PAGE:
CP24 asks “What does Pride mean to you?”
Pride this year celebrates the 40th anniversary of what most consider to be the biggest spark to the gay rights movement, the Stonewall Riots in New York. I was too young for that to have meant anything to me at the time but I well remember Toronto’s early Pride events. I came out as a direct result of the 1981 bath-house raids here, although I was not directly involved, and joined the growing protests against these raids in the ensuing weeks. It was later that summer that Pride here began to go from baby-steps to a full march, whether in army boots or stilettos.
Back then it was an act of defiance to take over Yonge Street and march. These days the city moves heaven and earth to block off streets for our festival, not just Yonge for the parades on Saturday and Sunday, but Church Street and side-streets and, for the huge parade on Sunday, there are streets blocked off just to park floats and rally groups together before the water-gun-soaked parade even starts. We’ve come a long way – from acts of defiance and protest to the point where we have to squeeze in more and more corporate floats and exhibits, who would have little to do with us those many years ago, just to pay for this internationally-renowned festival.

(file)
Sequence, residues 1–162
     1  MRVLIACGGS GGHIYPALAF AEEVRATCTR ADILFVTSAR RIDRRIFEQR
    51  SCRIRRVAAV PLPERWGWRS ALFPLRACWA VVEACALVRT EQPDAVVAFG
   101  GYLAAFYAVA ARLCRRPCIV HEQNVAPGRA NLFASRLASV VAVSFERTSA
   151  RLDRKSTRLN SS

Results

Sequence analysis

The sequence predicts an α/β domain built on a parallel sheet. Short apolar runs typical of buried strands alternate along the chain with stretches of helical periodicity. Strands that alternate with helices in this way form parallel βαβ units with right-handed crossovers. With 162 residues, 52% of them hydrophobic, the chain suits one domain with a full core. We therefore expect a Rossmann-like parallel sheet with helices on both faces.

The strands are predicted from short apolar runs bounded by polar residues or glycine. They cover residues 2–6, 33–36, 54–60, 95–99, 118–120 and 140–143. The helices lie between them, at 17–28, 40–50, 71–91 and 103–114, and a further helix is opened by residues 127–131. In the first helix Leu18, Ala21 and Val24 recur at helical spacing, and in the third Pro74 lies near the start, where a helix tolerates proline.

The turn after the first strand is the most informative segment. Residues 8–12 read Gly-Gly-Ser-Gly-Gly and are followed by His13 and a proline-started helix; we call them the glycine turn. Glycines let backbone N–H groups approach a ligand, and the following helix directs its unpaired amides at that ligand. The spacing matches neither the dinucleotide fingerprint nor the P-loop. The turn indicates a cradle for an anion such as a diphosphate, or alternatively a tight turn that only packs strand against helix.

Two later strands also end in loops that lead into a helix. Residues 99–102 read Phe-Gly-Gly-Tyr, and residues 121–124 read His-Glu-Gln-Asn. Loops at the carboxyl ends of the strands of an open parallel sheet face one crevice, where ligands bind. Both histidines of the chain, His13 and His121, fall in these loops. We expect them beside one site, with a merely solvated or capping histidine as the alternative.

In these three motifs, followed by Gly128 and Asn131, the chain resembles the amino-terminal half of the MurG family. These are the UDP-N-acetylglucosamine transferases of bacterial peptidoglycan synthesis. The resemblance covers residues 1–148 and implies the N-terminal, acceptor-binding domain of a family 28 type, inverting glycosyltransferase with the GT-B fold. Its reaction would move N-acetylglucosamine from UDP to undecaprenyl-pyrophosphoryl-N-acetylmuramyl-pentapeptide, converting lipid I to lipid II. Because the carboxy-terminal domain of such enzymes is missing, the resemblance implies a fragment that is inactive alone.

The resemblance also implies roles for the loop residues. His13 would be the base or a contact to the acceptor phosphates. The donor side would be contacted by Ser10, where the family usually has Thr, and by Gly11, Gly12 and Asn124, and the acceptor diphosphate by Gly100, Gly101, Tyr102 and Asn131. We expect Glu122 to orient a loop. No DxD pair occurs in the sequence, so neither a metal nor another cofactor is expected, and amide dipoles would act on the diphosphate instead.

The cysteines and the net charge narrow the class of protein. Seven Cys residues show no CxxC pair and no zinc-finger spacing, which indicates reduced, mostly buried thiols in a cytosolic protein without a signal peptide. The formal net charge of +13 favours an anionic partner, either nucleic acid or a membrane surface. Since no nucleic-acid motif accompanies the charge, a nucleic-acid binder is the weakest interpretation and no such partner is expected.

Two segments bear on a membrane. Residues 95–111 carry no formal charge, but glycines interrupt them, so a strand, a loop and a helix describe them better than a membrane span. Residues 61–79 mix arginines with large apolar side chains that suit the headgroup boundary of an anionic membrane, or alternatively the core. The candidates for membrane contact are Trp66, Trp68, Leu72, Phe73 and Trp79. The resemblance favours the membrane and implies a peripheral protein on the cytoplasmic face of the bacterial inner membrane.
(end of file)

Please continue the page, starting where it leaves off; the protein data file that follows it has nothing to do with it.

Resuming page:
Pride means something else to me, something at my very core. I am still here. While many of my friends’ names are on the AIDS Memorial on Church Street, my diagnosis twenty years ago did not have the predicted results. Not yet anyway. I miss my friends. They were a part of Pride and, in their memory, they continue to be part of my Pride.
Here are a few things I didn’t include:
– the love and immeasurable support of Mom, Dad and my siblings when I came out,
– the story of my coming out, in the mid-80s, in a St. Catharines newspaper which totally flipped out the manager of the radio station where I worked
– despite all sorts of life-inhibiting/threatening activity on my part, I am part of a fellowship of friends, survivors and fellow travelers who only wish the best for me despite the twisted paths I have taken, and may still take, sometimes.